What if a star tries to form but doesn’t quite make it? What happens then? Have you heard that such objects might be more common in our universe than normal stars? And that, despite this, none are visible with the unaided eye, and that astronomers with telescopes did not detect any for almost five hundred years? Are you aware that the first one was not confirmed until only about twenty-five years ago? And yet, thousands are now known? How is all this possible? Also, do you know what the stars (and planets) visible by eye are doing in April? Finally, have you heard what the Perseverance mission has been doing since it landed on Mars? Join us by Zoom to learn more!
Please register to receive the Zoom login. You may register up to the presentation start time or even during the meeting to join us. https://msu.zoom.us/webinar/register/WN_6PlVdISYRPOuET1PZ6SVvQ
Adults and families with school-age and older children are invited to join us virtually for a presentation focused on brown dwarfs: what they are, how they form, how long they live, and how they end up. What does that name mean—are they actually brown? We will show how difficult it is to detect brown dwarfs, and how hard it can be to tell the difference between brown dwarfs and very small normal stars. (You might think they would look completely different, but they don’t!). We will offer some evidence for why astronomers think they might be extremely common, even though so few are known compared to the billions of stars we can see. We will describe the technology needed to detect brown dwarfs and the space missions that have used it. We will finish with a brief update on the Perseverance rover and the Ingenuity helicopter.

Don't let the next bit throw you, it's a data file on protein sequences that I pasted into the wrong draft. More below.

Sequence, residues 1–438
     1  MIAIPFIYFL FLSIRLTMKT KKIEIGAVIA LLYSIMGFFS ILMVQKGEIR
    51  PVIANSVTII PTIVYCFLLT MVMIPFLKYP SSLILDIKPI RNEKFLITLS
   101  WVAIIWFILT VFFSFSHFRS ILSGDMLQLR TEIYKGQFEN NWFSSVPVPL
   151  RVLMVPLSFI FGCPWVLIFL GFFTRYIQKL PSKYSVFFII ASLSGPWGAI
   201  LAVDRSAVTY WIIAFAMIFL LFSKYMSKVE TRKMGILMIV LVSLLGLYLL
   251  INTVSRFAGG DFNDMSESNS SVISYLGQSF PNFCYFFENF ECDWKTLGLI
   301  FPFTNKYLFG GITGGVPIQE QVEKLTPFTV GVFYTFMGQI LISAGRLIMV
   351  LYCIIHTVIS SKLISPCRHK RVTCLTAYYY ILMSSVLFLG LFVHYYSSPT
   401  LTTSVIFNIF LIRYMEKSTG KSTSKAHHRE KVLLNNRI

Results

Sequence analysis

And, as always, we will show you how to find the planets and other cool things that are in the sky this month and into April. Are you able to find the brilliant “Winter Hexagon” and all its parts (like Orion, Gemini, and Canis Major) in the sky before it sinks into the west? Have you seen Mars in the evening, or Jupiter and Saturn low in the pre-dawn sky? Do you know about the upcoming meteor showers? Finally, are you aware that the brightest star in the night sky—including the southern hemisphere—is a late winter star in Michigan, and is visible in April evenings? We will help you see all of these things for yourself.
Photo credit: This artist’s concept shows a brown dwarf with bands of clouds, thought to resemble those seen at Neptune and the other outer planets. Credit: NASA/JPL-Caltech – https://exoplanets.nasa.gov/news/1450/scientists-improve-brown-dwarf-weather-forecasts/
Attention students: MSU St. Andrews participates in the Great Lakes Bay Region STEM Passport program. You may attend an event or workshop and log it as a STEM experience on your passport!
Michigan State University is committed to providing equal opportunity for participation in all programs, services, and activities. Accommodation for persons with disabilities may be requested by contacting (517) 432-4499 by Monday, April 5, 2021. Requests received after this date will be honored whenever possible.